Dr. Maria Montessori, born in 1870, was the first woman in Italy to receive a medical degree. She worked in the fields of psychiatry, education and anthropology.

She believed that each child is born with a unique potential to be revealed, rather than as a "blank slate" waiting to be written upon. Her aim was to show that if her special children, working with carefully structured materials, could achieve a standard approaching the national average, then other children working with the same material could reach an even higher academic standard.

In 1907 she opened her first Nursery (Casa Dei Bambibi or Children’s House), in a slum area of San Lorenzo. She was encouraged by her results that she began to share her discoveries with others by publishing books and giving lectures: thus the Montessori method of education was born in 1946. After her death in 1952, her innovative system was carried on by many centers. Currently, her method of education is being used all over the world.

 

The differences between Montessori nurseries' system and traditional nurseries' system:

Montessori Nursery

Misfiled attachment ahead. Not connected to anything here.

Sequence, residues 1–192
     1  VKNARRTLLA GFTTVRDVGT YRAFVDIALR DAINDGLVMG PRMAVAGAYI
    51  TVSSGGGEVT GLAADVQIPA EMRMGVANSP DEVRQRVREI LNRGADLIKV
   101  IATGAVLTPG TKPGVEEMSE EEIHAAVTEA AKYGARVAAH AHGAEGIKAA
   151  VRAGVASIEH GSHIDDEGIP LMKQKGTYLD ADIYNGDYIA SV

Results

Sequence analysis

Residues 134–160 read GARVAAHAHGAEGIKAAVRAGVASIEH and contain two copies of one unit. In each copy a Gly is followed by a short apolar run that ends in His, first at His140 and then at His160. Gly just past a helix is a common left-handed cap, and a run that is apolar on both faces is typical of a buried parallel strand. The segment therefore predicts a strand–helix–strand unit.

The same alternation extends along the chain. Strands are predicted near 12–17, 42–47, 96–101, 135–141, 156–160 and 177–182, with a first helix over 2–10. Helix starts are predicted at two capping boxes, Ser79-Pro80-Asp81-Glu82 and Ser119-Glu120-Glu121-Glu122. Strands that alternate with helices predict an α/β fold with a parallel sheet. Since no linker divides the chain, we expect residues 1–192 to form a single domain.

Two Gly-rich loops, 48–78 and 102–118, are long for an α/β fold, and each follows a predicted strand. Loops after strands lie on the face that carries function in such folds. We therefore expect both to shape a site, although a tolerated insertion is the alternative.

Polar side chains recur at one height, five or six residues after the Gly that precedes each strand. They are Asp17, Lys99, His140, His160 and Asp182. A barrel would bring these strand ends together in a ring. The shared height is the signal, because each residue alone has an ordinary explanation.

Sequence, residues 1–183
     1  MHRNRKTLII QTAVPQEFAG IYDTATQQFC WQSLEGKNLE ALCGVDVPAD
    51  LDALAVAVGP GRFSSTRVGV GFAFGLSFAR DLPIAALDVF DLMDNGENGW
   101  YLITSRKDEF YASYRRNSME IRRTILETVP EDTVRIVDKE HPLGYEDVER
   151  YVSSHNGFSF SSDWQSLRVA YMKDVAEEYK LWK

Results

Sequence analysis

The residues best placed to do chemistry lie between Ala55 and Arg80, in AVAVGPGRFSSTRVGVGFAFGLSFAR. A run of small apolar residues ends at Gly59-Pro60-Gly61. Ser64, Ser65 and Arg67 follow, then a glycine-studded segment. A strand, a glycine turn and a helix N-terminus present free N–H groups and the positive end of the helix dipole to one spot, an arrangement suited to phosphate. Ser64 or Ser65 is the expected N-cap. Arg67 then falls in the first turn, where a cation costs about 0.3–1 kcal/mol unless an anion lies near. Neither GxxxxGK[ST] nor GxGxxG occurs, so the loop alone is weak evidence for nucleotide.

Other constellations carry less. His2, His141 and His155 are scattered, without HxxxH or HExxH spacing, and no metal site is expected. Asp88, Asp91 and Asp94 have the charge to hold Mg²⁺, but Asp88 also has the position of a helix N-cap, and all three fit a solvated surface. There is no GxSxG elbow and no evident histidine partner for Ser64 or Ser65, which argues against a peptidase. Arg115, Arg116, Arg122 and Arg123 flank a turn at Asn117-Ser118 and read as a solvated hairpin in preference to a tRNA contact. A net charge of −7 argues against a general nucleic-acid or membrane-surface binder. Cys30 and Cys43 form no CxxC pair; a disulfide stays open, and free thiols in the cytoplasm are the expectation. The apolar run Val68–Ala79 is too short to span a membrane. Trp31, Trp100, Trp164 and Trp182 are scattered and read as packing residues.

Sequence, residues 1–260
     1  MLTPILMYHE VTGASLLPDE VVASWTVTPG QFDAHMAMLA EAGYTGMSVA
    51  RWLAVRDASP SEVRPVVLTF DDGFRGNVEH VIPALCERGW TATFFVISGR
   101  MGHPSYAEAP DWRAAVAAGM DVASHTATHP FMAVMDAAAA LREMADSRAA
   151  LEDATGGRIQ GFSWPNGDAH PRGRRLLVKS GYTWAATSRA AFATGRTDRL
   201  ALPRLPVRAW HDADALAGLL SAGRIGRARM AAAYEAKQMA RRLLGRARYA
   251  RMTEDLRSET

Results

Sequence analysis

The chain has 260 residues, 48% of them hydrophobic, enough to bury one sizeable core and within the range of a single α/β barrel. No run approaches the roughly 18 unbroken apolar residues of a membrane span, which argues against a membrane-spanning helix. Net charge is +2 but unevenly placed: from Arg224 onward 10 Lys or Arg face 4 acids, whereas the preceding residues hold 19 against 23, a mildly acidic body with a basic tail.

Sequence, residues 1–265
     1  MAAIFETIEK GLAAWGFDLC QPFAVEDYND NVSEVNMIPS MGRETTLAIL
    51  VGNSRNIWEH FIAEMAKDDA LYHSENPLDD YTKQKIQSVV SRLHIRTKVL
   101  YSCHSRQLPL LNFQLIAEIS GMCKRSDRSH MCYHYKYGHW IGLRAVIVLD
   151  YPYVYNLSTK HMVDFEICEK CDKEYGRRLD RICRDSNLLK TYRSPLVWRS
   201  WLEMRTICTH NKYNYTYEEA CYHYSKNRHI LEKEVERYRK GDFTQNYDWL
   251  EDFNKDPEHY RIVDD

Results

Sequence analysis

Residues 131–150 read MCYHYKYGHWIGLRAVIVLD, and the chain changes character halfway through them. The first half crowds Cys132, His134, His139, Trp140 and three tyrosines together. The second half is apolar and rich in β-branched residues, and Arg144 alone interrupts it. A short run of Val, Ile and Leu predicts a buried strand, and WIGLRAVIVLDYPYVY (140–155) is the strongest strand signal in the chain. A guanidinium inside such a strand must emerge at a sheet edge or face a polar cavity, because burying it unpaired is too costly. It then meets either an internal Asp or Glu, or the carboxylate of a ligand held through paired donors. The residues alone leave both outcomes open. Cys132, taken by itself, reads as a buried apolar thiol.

Traditional Nursery

Emphasis on cognitive and sociable development

Emphasis on social development

Teacher has the role of a facilitator in class

Teacher has a controlling role

Environment and methods encourage self-discipline

Teacher acts as primary enforcer of discipline

Mainly individual instruction

Group and individual instruction

Mixed age group

Same age group

Grouping encourages children to teach and help each other

Most teaching is done by the teacher

Child chooses own work

Curriculum is already set and structured for the child

Child discovers own concepts from self- teaching materials

Child is taught the concepts by the teacher

Child works as long as he wishes on chosen activity

Child has a certain time to finish a certain task

Child sets own learning pace

Instruction pace usually set by group

Child spots own error by feedback of material

If work is corrected, errors usually pointed out by teacher

Child reinforces own learning by repetition of work and internal feelings of success

Learning is reinforced externally by repetition and rewards

Multi-sensory materials for physical exploration

Fewer materials for sensory development

Organized program for learning care of self and environment (cleaning, sitting and eating properly etc…)

Less emphasis on self-care instruction